4. Calendaring: For any email from yesterday that takes more than 10 minutes to respond, or requires additional research, etc., you should simply file it away into a folder and then schedule a time on your calendar in the future to respond, as if it were a meeting. On my calendar appointments, I just put the name of the folder I filed it away in, as well as the subject line of the email I filed away. So if you have an email that will take an hour to respond to, just set it up as a 1-hour meeting at some point in the future. This will make sure that you always have enough time to respond to that email in the future. The act of filing that email away in a folder means it’s out of your inbox so it’s not stressing you out anymore… You know it will be responded to properly because you’ve set an appointment for it.
  5. You also need to set a recurring appointment to go through yesterday’s inbox every day. For me, getting through the previous day’s email takes about 3 hours, so I simply schedule a 3-hour meeting at the beginning of each day for Yesterbox. My assistant knows that if I need to take a morning meeting, that the email time can’t go away — it needs to be rescheduled for later in the day. Or on the rare occasion there isn’t enough time in the day, then my assistant knows that there needs to be makeup time scheduled the next day for time lost on the current day.
  6. When in your “reward” phase of reading the latest emails from today, you’re only allowed to do the following with today’s emails: delete, file, or forward. You are not allowed to reply unless it can’t wait 48 hours. The one exception to that rule is if there’s an email chain from yesterday but the chain is continuing through today, it’s okay to respond to one of today’s emails in that chain if doing so means you get to delete or file yesterday’s email in that chain (in other words, it’s allowing you to make progress on yesterday’s inbox).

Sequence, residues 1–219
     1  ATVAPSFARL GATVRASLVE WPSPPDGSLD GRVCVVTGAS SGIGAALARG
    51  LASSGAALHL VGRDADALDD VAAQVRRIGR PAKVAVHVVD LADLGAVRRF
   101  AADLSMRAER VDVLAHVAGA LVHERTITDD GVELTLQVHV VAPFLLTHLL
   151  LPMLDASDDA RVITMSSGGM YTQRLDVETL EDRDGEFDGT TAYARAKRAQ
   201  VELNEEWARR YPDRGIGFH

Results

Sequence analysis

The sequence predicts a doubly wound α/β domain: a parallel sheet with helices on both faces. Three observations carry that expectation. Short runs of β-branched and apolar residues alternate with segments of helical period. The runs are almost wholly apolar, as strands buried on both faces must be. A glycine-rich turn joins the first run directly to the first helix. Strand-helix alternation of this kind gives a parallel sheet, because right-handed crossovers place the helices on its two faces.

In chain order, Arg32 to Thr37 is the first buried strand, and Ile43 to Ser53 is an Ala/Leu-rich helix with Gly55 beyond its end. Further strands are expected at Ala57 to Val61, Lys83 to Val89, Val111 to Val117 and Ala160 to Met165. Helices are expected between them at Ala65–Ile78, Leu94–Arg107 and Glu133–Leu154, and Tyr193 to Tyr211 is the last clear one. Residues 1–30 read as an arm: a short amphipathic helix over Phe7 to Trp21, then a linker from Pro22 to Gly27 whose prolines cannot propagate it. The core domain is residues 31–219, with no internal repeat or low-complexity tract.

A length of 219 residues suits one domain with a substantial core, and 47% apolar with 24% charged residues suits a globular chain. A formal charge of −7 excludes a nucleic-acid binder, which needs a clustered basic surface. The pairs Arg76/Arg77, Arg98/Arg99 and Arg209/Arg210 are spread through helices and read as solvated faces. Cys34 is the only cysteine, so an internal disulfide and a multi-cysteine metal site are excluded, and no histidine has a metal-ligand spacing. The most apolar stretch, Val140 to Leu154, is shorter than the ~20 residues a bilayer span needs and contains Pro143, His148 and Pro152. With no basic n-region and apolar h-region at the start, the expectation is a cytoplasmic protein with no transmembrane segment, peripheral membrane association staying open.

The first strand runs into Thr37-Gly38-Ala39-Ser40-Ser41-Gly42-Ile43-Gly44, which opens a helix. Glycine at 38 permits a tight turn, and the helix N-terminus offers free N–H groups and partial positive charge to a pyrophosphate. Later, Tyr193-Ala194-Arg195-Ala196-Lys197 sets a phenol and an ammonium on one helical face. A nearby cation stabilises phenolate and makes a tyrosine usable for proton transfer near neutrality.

7. If you need to refer to an email later (for example, to follow up and make sure something didn’t slip through the cracks when you asked someone else to follow up), schedule a meeting on your calendar and file the email into another folder, with a reminder in the calendar appointment to refer back to that folder and what the name of the folder is.
  8. If you fall behind and have emails that are older than yesterday’s inbox (yes, it still happens), schedule additional time on your calendar to catch up to emails older than yesterday’s inbox. However, each day you should start with yesterday’s inbox as your “to do” list FIRST… this means you get a fresh start each morning and can be done with yesterday’s inbox by noon just like you would be if you hadn’t fallen behind. If you go on vacation and aren’t planning on keeping up with emails, then be sure to schedule enough email catchup time in your calendar for when you get back from vacation.
  9. For emails that can wait (such as videos, non-urgent articles, etc.) and have no real deadline, send those emails to another email address (such as your personal email address — for me, I send them to my email address) and just go through that other email inbox when you’re trying to kill time, like on a plane, at the gym, waiting in line, etc. When people send me a video link, I just respond with something along the lines of “Thanks! I’ve put it on my treadmill video playlist!” There’s also a product called Pocket that is a good “save to read later” app and browser plugin.
  10. Put emails that are notes into Evernote and remove them from your inbox.

So I encourage you to try out the Yesterbox technique and share it with friends. For me, it took about a week to psychologically get used to it, and I feel a lot less stressed about my email nowadays.

(The other great thing about this is that it actually has beneficial network effects… the more people that adopt the Yesterbox technique, the more in control of their inbox everyone will feel!)

-Tony Hsieh


Copyright © 2013.